Of course, there are lots of other jungles besides the Amazon. For example, John Enright’s Apelu Soifua novels take place in American Samoa. Soifua is a police detective who’s originally from the island, but spent seven years with the San Francisco Police. In Pago Pago Tango, the first of the series, he’s returned to his homeland and now works with the local police force. One day, he’s called to the home of wealthy Gordon Turich, an executive with a powerful tuna company. Turich’s home has been invaded, and some things stolen. What Turich doesn’t tell Soifua is that one of the items is a gun. It turns out that that gun was used to commit murder, so Soifua soon finds himself going after a killer as well as a thief. Enright’s novels highlight the culture clash between the dominant US culture and the culture of the people who have always lived in Samoa. And that includes their views of living in and with the jungle.

And then there’s Donna Malane’s Surrender. That story features missing person expert Diane Rowe, who’s been commissioned by Wellington Inspector Frank McFay to help identify a ‘John Doe’ whose remains were found in Rimutaka State Forest. In one plot thread of this story, readers get to ‘follow along’ as Rowe goes into the forest where the remains were found, looks for any evidence at all that might help her, and slowly discovers the truth about the body. It turns out that this is a person who went missing twenty-five years earlier, so solving the case won’t be easy. But Rose eventually learns the truth. And in more than one place in the novel, we see that a jungle can be a very dangerous place…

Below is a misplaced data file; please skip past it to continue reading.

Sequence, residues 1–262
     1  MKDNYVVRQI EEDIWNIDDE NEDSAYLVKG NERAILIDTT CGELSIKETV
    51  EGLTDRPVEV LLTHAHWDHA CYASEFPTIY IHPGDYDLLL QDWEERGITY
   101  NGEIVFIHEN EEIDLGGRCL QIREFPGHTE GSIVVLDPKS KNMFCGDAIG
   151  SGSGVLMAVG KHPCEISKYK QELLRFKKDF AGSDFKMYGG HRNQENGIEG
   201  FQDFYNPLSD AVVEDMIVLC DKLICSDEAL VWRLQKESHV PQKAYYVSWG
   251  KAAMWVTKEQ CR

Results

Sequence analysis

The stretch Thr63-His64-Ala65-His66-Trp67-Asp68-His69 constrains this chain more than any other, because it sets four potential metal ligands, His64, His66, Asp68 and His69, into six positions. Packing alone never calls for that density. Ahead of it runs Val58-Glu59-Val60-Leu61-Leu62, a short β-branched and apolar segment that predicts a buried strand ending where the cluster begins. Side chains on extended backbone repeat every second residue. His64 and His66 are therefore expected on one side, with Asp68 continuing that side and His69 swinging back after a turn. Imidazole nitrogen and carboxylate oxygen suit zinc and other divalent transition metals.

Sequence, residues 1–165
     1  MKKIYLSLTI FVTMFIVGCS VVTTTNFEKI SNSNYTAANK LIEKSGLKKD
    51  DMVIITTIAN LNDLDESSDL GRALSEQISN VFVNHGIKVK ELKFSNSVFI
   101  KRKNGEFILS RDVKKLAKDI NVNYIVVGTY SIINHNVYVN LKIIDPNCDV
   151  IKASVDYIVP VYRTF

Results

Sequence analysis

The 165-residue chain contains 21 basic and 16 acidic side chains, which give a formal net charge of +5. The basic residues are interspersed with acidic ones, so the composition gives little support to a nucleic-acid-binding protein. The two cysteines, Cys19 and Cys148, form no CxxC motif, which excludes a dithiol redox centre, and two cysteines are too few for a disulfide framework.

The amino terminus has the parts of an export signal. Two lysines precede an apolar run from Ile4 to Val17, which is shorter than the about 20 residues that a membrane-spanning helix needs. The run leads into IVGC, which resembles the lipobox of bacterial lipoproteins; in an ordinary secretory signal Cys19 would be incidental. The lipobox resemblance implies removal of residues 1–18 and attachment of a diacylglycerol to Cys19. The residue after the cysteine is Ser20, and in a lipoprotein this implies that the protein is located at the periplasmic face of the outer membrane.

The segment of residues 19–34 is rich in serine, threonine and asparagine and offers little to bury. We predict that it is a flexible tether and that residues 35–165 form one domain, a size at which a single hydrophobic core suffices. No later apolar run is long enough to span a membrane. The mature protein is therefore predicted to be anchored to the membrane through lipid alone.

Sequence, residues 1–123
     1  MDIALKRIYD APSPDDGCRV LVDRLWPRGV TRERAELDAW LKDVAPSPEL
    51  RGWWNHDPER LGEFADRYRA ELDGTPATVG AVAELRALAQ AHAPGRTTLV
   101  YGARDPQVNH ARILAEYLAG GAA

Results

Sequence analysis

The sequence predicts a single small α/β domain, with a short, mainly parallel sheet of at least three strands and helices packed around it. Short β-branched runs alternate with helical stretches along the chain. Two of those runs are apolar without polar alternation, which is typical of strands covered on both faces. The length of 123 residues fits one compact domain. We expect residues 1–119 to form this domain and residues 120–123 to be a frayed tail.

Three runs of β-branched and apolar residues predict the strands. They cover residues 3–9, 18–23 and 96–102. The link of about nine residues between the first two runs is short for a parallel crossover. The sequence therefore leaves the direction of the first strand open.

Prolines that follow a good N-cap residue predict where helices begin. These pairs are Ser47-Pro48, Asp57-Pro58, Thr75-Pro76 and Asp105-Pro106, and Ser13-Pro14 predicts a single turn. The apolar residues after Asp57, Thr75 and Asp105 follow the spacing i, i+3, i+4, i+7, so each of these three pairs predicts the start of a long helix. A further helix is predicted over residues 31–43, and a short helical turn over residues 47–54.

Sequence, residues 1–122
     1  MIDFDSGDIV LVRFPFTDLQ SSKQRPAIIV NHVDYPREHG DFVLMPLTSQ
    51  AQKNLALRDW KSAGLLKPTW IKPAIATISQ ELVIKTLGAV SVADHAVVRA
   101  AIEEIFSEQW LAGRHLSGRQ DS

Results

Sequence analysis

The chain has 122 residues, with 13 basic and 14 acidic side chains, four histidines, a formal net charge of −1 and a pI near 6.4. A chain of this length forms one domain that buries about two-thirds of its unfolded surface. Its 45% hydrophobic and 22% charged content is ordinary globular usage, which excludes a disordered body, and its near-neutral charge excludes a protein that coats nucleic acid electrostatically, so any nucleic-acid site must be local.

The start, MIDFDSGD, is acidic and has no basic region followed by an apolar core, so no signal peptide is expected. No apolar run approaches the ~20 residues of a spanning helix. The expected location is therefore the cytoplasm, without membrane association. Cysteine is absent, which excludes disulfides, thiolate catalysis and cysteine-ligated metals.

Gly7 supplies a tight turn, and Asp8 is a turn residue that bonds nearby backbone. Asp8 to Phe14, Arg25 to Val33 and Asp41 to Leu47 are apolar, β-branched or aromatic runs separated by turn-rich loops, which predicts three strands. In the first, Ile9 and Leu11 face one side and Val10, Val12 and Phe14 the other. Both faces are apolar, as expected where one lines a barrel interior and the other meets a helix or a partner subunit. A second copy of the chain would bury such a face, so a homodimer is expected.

Although it’s not, strictly speaking, a jungle, a dense forest plays a role in Paddy Richardson’s Hunting Blind. Newly-minted psychologist Stephanie Anderson is living and working in Dunedin when she gets a new client, Elisabeth Clark. Years ago, her younger sister Gracie was abducted, and never found. Not even a body was discovered. That story is eerily similar to Stephanie’s own sad family history. When she was fourteen, her younger sister Gemma went missing. Despite a massive search, she was never found. Against her better professional judgement, Stephanie decides to lay her own ghosts to rest, and use what she learns from her client to find the person who devastated so many lives. She takes a journey back to her home town of Wanaka, and along the way, traces the person responsible. I won’t give away spoilers, but it’s another example of the danger of forests.

Jungles and forests are beautiful places, and necessary for the planet’s ecosystem. But that doesn’t mean they’re fun, worry-free places. At least, not in crime fiction.

 

 
 

*NOTE: The title of this post is a line from Solomon Linda’s The Lion Sleeps Tonight, made popular by The Tokens. Ladysmith Black Mambazo has done a version, too, with the Mint Juleps, that I personally like very much. There are other versions, too, of course.

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Filed under Aaron Elkins, Agatha Christie, Donna Malane, John Enright, Leighton Gage, Paddy Richardson